Also listed are the annual costs for each as estimated by the baby boomers surveyed and
also by industry experts:
Activity Boomers' Est. Ind
Est (Est Yearly Cost)
5 Going fishing
10 Home renovations
This study, called the Retirement Reality Check Cost of Leisure Index, found that baby
boomer retirees expect to spend about $10,900 per year on their top-10 retirement
activities. More than half of people surveyed (55 percent) included travel in their top-10
retirement activities. On average, the soon-to-be-retired baby boomers said they would take four
trips per year, and spend about $7,700 a year on travel. The baby boomer's estimates were compared
to estimates from various associations and trade groups representing these top-rated retirement activities.
What good is freedom if you've not got the
money for it?
— Lillian Hellman
One ought, every day at least, to hear a
little song, read a good poem, see a fine picture, and, if it were possible, to speak a few
— von Goethe
No doubt there is a problem with the top-10 retirement activities that the baby boomers want to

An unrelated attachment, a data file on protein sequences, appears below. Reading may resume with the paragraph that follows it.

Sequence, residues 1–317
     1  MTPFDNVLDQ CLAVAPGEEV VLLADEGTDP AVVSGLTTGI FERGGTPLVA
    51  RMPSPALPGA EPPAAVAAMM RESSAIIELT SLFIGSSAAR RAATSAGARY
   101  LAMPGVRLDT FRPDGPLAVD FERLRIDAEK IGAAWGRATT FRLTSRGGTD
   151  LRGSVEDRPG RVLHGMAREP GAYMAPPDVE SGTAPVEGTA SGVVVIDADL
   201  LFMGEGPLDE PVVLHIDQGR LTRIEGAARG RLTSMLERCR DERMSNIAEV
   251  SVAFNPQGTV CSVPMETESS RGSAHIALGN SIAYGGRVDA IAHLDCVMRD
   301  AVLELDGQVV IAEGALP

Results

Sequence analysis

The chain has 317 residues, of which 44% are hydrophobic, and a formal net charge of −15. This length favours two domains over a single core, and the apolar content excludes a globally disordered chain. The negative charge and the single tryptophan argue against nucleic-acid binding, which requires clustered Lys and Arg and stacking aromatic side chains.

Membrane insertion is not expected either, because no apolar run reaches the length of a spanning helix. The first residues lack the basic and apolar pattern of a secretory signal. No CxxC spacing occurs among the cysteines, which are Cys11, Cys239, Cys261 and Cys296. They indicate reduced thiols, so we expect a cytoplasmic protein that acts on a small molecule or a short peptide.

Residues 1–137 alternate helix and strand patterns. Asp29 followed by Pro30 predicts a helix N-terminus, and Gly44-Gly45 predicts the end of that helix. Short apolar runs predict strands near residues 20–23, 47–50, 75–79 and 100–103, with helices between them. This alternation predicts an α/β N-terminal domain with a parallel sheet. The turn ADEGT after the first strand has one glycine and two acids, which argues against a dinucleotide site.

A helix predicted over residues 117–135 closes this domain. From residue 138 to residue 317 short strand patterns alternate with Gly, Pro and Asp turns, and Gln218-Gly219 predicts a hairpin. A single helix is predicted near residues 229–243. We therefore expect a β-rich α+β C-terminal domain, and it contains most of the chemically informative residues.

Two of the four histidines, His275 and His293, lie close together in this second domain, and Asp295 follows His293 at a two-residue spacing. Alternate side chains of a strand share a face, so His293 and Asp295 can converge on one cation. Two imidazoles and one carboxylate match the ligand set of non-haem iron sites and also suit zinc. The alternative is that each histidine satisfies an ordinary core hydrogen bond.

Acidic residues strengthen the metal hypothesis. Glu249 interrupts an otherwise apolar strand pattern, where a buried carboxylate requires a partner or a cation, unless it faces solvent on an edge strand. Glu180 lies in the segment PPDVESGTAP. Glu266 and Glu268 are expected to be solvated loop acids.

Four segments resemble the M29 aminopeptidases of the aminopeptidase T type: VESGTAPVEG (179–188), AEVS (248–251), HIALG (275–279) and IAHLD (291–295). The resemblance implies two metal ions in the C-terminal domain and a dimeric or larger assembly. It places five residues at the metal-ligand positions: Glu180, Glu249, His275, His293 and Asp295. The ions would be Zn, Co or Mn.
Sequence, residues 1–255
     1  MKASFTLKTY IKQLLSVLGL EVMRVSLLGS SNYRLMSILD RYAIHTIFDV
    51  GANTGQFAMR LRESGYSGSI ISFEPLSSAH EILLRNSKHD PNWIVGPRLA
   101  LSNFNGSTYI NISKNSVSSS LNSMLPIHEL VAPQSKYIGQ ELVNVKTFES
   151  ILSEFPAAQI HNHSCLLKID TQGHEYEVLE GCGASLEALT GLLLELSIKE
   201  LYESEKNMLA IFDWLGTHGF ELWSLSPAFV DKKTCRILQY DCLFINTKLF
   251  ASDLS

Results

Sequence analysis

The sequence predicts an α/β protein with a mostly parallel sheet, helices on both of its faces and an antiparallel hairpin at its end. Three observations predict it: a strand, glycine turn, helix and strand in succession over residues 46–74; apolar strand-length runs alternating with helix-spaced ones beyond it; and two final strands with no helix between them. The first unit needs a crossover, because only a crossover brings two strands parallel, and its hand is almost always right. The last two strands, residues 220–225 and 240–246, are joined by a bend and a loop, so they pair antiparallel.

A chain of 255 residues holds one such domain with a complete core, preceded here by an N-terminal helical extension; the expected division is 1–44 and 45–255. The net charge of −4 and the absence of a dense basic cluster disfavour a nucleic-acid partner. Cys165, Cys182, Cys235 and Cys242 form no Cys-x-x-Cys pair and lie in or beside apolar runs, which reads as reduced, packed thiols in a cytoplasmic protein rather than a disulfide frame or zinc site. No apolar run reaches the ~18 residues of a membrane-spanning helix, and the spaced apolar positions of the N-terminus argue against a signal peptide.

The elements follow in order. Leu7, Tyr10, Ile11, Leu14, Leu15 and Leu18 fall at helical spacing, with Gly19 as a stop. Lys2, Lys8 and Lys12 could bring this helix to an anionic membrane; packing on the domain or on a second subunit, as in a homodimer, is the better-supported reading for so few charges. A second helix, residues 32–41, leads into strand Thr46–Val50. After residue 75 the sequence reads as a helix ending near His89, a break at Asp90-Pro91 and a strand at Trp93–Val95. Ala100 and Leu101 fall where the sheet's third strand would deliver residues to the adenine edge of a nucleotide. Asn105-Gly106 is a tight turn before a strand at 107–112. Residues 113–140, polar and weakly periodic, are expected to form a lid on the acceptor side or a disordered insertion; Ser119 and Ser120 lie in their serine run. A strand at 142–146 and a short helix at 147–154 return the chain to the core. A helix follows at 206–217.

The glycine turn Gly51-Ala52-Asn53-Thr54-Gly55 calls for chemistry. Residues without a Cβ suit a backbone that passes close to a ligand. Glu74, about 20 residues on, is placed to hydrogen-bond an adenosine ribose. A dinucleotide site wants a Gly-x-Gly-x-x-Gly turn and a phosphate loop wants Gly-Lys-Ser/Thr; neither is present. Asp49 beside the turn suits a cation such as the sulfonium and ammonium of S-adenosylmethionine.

pursue. Knowing how much the retirement activities will cost does not mean that retiring baby boomers
will have the money to pursue these activities.
Most people will never be able to retire and
maintain even a hotdogs-for-dinner standard of living.
— Timothy Ferris, author of The 4-Hour Workweek
The baby boomers surveyed estimated that they would need $40,900 per year in
retirement to cover the cost of their top-10 retirement activities and basic living expenses. To achieve this,
the average baby boomer will need to have more than $1.2 million in retirement savings at the start
of a twenty-year retirement. (Social Security benefits were not included in the baby boomers' expected retirement
income. The Social Security benefits would lessen the required retirement savings needed for